You can always tell when a creative endeavor runs out of ideas. And it always starts with a genre shift. That episode of 'Facts of Life' where all the girls are brutally murdered. That episode of 'Cheers' where everyone was brutally murdered. That episode of 'Punky Brewster' where all the kids were brutally murdered. That episode of 'Mister Roger's Neighborhood' where the puppet was brutally murdered. And while three of those four episodes turned out to just be dreams, you could tell the writers were out of ideas.
So where do you go when you're pages away from having your leather jacket wearing hero strap on some water skis and jump over a tank of aquatic carnivores? Do you fully embrace the evolution of your craft, taking your stories in directions you never expected? Or do you force you characters to continually relive your high school days, finding the love, acceptance and revenge that was denied to you? Do you risk getting stale like Johnathan Swift did in the Gulliver series? (And then he sailed to the island where people wore shoes on their heads and hats on their feet...) Do you risk embarrassing yourself like James Clavell did when he stopped writing five thousand pages tomes about the Far East and started writing five thousand pages tomes about Iran?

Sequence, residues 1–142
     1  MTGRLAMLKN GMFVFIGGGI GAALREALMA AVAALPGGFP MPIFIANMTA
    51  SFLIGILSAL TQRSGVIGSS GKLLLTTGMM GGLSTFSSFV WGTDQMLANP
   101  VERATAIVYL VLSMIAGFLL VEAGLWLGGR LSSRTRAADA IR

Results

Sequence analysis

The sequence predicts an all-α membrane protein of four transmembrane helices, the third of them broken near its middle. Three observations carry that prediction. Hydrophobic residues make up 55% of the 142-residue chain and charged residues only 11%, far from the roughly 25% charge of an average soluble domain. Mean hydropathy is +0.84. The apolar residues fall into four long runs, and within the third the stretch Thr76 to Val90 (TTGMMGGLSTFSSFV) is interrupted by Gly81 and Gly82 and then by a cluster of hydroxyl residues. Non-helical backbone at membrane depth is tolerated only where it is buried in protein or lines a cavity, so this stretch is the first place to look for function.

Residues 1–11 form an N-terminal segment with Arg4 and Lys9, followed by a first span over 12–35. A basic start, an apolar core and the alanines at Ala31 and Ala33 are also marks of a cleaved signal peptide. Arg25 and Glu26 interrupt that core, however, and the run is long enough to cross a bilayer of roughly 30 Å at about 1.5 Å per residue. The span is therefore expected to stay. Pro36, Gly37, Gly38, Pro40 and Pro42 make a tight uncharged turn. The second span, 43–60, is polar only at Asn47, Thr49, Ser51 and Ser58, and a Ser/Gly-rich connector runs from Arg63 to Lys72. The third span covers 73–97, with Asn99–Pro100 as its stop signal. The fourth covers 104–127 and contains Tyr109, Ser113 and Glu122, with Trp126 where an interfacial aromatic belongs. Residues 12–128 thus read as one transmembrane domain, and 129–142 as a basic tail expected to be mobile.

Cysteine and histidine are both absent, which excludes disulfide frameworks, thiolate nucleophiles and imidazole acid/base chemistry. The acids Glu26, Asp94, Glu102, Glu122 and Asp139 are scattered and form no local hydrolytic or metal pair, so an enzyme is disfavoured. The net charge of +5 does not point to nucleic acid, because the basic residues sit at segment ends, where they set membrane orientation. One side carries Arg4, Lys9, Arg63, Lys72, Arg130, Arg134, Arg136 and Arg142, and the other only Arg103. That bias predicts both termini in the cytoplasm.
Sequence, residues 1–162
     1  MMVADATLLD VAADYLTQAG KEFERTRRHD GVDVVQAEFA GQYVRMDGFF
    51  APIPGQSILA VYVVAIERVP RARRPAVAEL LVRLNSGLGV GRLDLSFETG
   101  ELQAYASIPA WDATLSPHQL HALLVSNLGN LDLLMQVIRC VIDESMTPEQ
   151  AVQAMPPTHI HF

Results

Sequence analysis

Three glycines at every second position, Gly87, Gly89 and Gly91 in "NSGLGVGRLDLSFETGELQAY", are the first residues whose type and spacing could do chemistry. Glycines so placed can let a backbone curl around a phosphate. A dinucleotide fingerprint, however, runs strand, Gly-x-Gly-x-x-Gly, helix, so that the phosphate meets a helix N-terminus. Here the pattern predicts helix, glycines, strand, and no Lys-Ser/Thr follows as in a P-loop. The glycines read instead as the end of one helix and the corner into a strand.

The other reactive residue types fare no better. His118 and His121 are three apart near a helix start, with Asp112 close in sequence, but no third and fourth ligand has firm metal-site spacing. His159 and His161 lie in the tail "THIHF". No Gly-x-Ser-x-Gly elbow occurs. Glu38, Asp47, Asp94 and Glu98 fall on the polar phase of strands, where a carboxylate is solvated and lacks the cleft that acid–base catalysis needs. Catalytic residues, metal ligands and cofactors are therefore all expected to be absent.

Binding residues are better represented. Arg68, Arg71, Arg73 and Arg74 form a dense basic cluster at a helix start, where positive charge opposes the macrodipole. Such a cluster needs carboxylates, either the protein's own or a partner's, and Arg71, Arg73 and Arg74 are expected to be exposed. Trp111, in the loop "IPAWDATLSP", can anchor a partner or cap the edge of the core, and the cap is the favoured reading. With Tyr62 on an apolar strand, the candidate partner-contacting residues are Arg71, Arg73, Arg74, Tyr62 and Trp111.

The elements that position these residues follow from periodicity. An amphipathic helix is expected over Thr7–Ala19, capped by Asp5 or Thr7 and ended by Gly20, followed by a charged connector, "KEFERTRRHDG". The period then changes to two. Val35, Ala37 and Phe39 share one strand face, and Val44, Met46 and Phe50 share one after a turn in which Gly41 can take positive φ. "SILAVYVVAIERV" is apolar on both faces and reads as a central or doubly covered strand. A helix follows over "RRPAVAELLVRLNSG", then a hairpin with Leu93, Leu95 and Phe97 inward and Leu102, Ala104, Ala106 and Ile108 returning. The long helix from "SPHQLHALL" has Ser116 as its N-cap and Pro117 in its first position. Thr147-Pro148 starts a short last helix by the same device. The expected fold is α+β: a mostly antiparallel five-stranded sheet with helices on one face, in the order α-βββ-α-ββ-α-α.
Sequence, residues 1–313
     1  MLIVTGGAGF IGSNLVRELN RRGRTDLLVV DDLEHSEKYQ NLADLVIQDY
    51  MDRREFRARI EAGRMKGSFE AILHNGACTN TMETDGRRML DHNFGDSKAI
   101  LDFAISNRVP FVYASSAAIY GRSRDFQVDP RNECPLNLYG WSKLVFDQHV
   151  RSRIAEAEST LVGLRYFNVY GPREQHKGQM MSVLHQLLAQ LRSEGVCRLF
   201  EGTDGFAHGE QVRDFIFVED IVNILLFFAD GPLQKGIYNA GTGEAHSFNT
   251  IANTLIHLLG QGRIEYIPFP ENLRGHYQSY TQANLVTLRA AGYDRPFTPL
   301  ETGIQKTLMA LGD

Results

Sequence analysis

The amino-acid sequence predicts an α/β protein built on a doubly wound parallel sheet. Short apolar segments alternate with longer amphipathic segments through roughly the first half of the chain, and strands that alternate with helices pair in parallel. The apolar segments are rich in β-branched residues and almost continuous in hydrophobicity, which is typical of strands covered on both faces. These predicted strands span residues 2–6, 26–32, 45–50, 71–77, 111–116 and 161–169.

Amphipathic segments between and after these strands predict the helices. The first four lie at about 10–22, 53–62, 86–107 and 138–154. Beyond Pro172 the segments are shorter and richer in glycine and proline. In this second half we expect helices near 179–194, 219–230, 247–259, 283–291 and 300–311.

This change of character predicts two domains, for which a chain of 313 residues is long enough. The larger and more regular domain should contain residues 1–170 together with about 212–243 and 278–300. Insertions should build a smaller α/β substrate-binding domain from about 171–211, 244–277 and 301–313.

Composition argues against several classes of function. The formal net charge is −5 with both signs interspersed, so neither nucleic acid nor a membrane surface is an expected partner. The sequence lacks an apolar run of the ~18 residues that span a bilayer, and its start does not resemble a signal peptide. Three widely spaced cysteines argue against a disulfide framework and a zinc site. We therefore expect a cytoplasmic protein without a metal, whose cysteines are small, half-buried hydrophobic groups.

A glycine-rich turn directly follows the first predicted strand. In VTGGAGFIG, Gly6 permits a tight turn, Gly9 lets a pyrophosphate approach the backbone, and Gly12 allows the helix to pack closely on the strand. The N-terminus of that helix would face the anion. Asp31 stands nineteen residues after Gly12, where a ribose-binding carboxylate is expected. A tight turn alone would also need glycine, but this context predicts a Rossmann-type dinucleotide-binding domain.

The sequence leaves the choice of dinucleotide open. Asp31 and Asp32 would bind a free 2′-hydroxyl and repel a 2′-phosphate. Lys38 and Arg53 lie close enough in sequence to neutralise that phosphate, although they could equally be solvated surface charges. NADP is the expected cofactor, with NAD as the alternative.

I dunno. My one attempt at science fiction tanked, and while I long to write a horror story, I still need more practical experience before I tackle that one.
In short, I completely forgot this article was coming due and it shows.